Inspection carried out on 11 June 2013

During an inspection in response to concerns

We carried out this review in response to concerns centred on issues we had been made aware of from the Trust and also members of the public. The concerns centred around three areas inlcuding, consent to care and treatment, communication and complaints. This responsive inspection took account of the three areas and the content reflects the evidence found in respect of the Trusts compliance with those regulations.

As part of the inspection process we spoke with a number of patients on the wards. We also spoke with relatives in order to gain the views of people who experienced services including planned, emergency surgery and treatment.

Patients we spoke with told us they were given the opportunity to make informed choices about their care and treatment. They told us staff respected their preferences and decisions. One person told us, �I had everything explained to me including the benefits and risks. I had the time to discuss this with my wife. The nurse also spent time with us. It gave me more confidence to make a decision�. Another person told us, �I had all the information I needed to be able to give my consent to my operation�. Two other patients we spoke with told us they had been provided with the information they required to make an informed choice to consent to care and treatment.

Patients told us they had been looked after well and had confidence in the service offered. One person said "everyone is very kind and caring"; "nothing is too much trouble for them". One person said the "staff know what they are doing". Another added that the various staff had "explained everything" and all "knew what each other were doing".

The staff told us they enjoyed working in their particular departments, and they felt supported, both by their colleagues and the senior management team.

We saw the trust had made changes to the way complaints and concerns were being handled and managed. Patients we spoke with in the cardiology centre were satisfied with information they had been provided with and told us they felt comfortable in raising issues with senior staff if they were not satisfied with their care or treatment. Information received by the Care Quality Commission highlighted a number of concerns regarding the way the trust managed complaints and concerns. This included complaints not being responded to in the trusts own timescales. People felt they did not know what action had been taken to improve areas within the context of their individual concerns.

We saw that the trust had a number of internal and external audit systems in place to monitor the quality of the service provided. We were reassured that they responded appropriately when they were given information of concern. They reviewed their own processes as a result of concerns raised and made amendments to their systems if required.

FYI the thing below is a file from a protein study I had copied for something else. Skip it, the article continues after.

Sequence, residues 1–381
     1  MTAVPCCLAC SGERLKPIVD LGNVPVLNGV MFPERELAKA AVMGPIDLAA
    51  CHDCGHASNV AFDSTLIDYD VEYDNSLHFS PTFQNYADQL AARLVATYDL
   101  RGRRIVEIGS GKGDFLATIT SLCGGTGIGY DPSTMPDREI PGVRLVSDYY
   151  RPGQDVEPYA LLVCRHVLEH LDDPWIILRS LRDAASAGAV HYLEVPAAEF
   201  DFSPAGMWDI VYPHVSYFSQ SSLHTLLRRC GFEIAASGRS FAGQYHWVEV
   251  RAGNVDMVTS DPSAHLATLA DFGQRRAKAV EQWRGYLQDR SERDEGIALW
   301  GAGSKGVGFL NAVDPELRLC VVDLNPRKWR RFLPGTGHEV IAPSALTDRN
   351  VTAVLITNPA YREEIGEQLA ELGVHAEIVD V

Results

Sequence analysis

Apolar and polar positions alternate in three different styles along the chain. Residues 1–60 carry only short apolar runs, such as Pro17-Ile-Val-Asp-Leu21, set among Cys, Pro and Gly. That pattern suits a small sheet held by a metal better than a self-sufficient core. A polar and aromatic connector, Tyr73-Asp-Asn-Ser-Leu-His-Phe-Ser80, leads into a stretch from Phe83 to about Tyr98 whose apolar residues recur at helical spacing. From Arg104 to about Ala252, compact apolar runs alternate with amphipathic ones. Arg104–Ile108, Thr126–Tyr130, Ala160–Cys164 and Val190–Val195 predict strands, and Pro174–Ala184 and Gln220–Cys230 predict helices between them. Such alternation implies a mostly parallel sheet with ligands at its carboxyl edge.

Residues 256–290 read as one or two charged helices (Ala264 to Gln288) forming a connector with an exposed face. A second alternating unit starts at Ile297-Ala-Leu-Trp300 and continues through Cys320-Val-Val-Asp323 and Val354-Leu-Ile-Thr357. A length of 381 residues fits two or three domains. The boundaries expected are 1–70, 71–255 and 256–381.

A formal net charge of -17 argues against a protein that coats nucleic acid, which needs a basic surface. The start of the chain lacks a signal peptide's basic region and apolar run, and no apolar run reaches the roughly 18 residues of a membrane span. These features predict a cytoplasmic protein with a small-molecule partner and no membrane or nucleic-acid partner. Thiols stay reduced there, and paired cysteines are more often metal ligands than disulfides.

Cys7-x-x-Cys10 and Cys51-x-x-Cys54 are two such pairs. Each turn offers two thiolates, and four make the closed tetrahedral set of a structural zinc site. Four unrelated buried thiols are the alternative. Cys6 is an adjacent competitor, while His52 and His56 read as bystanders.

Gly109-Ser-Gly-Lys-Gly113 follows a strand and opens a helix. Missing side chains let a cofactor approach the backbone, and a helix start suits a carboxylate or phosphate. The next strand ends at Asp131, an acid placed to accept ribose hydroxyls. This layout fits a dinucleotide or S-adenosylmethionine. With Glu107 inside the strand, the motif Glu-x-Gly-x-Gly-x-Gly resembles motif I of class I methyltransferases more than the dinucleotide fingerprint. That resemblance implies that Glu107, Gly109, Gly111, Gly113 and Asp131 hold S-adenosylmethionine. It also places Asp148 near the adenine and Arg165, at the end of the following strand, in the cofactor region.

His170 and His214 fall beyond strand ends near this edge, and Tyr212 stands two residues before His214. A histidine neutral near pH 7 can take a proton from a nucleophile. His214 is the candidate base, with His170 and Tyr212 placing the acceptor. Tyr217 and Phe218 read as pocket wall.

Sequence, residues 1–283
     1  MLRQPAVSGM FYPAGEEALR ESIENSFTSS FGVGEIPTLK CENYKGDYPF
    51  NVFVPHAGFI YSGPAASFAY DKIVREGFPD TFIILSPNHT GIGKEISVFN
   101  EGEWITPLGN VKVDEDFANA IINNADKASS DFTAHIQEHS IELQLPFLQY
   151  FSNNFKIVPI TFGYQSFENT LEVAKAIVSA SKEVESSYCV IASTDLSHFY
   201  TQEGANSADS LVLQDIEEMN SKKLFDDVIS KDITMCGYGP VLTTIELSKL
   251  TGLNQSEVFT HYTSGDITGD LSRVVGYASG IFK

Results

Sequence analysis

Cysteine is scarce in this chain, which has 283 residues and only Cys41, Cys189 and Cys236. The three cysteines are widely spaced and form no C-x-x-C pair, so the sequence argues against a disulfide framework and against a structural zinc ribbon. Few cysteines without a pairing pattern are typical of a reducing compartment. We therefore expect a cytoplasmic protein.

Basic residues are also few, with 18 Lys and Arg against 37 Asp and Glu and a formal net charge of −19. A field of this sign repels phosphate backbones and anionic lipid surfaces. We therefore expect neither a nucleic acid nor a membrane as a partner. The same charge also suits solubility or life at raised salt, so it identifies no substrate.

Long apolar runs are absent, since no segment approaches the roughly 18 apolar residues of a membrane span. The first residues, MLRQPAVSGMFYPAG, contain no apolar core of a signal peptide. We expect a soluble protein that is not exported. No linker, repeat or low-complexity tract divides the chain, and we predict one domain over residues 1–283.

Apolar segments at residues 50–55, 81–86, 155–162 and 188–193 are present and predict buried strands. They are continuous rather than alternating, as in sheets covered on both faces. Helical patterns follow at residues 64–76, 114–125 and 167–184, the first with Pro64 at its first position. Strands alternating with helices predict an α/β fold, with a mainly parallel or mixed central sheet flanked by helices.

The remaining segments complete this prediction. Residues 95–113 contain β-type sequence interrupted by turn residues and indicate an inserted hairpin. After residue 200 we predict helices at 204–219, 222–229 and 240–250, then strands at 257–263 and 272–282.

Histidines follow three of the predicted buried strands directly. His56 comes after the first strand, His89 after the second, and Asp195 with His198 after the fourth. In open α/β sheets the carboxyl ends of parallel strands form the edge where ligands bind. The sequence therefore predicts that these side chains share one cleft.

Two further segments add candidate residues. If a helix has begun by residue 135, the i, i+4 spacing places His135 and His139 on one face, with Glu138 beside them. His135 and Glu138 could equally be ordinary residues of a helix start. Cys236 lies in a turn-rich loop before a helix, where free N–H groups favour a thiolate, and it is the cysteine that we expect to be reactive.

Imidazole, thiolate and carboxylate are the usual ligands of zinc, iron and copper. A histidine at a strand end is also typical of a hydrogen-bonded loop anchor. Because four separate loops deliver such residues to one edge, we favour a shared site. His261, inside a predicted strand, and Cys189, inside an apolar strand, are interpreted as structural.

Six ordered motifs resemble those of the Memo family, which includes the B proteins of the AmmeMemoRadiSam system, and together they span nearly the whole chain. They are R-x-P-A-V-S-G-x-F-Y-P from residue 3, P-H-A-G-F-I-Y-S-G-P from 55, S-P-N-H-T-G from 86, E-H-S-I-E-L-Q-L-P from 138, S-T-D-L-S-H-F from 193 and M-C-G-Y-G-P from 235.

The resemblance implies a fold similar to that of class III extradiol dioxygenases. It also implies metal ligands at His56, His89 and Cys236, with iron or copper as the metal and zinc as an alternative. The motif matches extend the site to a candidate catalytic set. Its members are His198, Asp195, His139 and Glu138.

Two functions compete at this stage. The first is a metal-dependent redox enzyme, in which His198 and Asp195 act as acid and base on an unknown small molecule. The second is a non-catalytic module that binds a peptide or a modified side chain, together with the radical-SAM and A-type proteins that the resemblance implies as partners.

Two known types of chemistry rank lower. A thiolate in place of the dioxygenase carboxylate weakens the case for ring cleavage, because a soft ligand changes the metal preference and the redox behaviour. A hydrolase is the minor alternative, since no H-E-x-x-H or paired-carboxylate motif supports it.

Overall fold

Inspection carried out on 19 March 2013

During an inspection looking at part of the service

We carried out this inspection to follow up areas of non compliance found during a Dignity and Nutrition Inspection (DANI) on 1st August 2012. In addition we looked at how hospital discharges were being managed and how patients privacy and dignity was being respected.

People we spoke with told us they were satisfied with the care and treatment they had received. They told us they were supported and staff were respectful. Comments included, �I had everything explained to me, staff were very supportive�. Also, �I was anxious about going home as I live alone. They have got carers coming in for the first few weeks. I am happy with what they have done for me�.

We saw there were systems in place for patients to receive a planned discharge. Records we looked at had been completed and other professionals and external agencies had been involved in the planning for patient discharge.

Patients requiring clinical assessment and intervention for nutrition had records in place to manage this process. Where patients were �nil by mouth�, there was evidence of clinical decision making as to how this would be managed. In one instance we saw a patient had been assessed for �nil by mouth�, on admission. Improvements had been made to record nutritional assessment for patients. The Malnutrition Universal Screening Tool (MUST) had been completed in all instances where there had been a need for the patient

Inspection carried out on 1 August 2012

During a themed inspection looking at Dignity and Nutrition

People told us what it was like to be a patient in Blackpool Victoria Hospital. They described how they were treated by staff and their involvement in making choices about their care. They also told us about the quality and choice of food and drink available. This was because this inspection was part of a themed inspection programme to assess whether older patients� in hospitals were treated with dignity and respect and whether their nutritional needs were met.

The inspection team was led by two Care Quality Commission (CQC) inspectors joined by a practising professional and an Expert by Experience, who has personal experience of using or caring for someone who uses this type of service.

To carry out the inspection, we identified two wards, where there were a percentage of

older patients, in order to focus the dignity and nutrition inspection (DANI). As part of the inspection process we spoke with a number of patients and visitors on both wards. We also spoke with members of the executive management board for Blackpool Teaching Hospital Trust. A range of staff members were spoken with on both wards throughout the site inspection. We did this to gain the views of patients who received care and treatment and people who visited the hospital or worked there.